The new knowledge generated by the sequencing effort is allowing scientists to both develop new rice varieties faster and with the specific characteristics needed to deal with climate change, such as tolerance of higher temperatures. However, scientists are calling for more research to fully understand the impact of climate change especially the extreme weather it may cause on international efforts to reduce poverty and ensure food security.
A "Climate Change and Rice" planning workshop this month at the International Rice Research Institute (IRRI) in the Philippines was told that climate change is already affecting Asia's ability to produce rice, and that this could eventually slow efforts to reduce poverty in the region, where most of the world's poor live.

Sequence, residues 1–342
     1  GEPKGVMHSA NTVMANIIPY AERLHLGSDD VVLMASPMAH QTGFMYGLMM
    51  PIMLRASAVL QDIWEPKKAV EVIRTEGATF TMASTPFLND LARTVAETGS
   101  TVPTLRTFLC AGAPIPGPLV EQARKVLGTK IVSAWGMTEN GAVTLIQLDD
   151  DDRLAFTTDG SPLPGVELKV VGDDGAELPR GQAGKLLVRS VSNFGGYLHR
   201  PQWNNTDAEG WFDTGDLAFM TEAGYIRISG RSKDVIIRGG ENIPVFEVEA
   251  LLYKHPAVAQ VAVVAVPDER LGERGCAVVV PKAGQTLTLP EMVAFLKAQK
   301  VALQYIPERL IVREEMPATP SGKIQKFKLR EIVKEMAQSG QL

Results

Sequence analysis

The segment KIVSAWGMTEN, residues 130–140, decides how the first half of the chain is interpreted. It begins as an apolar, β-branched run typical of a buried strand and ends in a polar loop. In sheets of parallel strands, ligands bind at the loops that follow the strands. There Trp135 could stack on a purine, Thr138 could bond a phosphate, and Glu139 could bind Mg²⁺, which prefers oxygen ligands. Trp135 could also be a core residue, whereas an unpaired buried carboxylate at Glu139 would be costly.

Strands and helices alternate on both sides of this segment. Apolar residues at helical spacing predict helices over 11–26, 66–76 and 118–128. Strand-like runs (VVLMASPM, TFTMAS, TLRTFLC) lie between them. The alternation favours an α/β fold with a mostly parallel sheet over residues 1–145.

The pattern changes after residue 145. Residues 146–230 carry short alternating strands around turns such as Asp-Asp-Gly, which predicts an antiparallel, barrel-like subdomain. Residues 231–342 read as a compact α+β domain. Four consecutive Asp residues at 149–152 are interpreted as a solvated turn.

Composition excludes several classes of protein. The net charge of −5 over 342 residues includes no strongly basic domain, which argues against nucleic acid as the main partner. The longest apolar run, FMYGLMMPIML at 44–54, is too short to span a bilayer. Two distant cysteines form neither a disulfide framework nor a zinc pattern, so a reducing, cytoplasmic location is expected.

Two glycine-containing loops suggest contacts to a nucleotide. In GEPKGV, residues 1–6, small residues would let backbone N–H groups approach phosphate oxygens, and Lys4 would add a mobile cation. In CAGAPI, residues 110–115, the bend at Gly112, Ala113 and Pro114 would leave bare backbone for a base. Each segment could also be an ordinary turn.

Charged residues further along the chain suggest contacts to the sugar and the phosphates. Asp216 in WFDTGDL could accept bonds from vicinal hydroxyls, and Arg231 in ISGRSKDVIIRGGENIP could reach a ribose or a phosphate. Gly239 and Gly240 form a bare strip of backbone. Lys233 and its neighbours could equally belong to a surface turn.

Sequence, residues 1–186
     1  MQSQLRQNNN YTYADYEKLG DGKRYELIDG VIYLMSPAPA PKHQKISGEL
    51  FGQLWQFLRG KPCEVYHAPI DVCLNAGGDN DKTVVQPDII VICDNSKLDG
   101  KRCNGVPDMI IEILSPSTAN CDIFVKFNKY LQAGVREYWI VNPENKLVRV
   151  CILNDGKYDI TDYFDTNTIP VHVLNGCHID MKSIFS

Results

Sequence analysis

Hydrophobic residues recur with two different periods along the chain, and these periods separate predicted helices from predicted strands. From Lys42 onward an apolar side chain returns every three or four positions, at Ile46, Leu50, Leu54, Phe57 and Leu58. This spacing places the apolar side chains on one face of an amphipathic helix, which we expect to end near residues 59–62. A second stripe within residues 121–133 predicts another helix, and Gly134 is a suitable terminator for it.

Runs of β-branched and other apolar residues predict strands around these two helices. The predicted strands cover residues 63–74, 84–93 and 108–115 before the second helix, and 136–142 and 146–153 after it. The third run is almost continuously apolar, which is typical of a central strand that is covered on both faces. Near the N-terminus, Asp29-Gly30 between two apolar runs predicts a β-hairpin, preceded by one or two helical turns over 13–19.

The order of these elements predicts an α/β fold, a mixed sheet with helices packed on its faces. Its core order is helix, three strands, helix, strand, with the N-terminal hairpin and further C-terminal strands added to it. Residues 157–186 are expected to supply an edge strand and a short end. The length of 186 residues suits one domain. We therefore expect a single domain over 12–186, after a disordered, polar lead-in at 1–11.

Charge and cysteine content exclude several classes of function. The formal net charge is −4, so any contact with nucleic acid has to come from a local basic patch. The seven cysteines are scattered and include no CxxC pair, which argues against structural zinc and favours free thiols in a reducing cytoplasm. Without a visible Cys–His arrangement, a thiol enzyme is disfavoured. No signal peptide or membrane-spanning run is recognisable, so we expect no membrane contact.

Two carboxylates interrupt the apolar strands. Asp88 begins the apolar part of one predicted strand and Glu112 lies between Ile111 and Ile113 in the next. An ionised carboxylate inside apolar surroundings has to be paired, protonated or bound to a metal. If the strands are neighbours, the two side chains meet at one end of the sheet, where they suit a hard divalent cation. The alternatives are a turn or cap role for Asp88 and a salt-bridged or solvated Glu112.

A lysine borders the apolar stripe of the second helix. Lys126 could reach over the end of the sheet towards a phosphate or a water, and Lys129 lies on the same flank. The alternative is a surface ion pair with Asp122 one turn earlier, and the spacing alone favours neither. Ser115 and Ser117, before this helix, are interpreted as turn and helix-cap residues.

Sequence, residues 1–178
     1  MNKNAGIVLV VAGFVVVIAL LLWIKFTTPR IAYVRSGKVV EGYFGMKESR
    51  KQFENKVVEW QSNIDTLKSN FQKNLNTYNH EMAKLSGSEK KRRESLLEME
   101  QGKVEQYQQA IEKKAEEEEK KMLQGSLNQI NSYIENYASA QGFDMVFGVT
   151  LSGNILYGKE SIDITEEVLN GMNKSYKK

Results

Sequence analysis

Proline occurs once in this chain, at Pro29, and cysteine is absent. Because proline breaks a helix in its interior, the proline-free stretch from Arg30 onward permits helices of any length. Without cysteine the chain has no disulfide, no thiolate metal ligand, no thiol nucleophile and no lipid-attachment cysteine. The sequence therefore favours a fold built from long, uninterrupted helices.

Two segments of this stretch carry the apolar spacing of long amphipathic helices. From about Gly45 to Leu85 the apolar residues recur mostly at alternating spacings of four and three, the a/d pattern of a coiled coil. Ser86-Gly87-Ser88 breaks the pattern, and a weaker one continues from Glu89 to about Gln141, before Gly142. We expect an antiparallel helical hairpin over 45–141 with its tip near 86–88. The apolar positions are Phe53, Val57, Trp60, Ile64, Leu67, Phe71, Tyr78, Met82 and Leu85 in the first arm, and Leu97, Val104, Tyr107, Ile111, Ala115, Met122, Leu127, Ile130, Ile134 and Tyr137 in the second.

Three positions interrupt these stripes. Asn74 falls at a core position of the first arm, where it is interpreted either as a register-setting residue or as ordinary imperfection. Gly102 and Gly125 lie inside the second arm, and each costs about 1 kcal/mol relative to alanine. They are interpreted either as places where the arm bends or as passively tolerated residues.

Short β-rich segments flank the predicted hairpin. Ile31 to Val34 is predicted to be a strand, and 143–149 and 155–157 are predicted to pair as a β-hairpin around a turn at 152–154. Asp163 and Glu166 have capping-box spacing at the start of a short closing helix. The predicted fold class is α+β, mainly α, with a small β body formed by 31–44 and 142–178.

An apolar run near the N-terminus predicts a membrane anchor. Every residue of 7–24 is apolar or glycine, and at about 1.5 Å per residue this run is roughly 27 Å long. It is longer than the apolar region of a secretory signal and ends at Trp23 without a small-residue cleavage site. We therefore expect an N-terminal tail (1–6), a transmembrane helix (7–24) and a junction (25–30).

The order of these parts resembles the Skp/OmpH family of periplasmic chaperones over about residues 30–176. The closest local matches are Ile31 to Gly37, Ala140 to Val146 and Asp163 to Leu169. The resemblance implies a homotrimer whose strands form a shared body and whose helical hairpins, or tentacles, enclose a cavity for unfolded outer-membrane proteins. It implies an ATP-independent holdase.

The workshop was informed that, to overcome many of the climate changerelated problems facing rice production in Asia and continue to meet the demand for rice in the region yields will have to double over the next 50 years. Research has confirmed that global warming will make rice crops less productive with increasing temperatures decreasing yields.
"Clearly, climate change is going to have a major impact on our ability to grow rice," Robert S. Zeigler, IRRI director general, said. "We can't afford to sit back and be complacent about this because rice production feeds almost half the world's population while providing vital employment to millions as well, with most of them being very poor and vulnerable."
For these reasons, Dr. Zeigler announced at the workshop that IRRI in an unprecedented move was re
Contact: Duncan Macintosh
International Rice Research Institute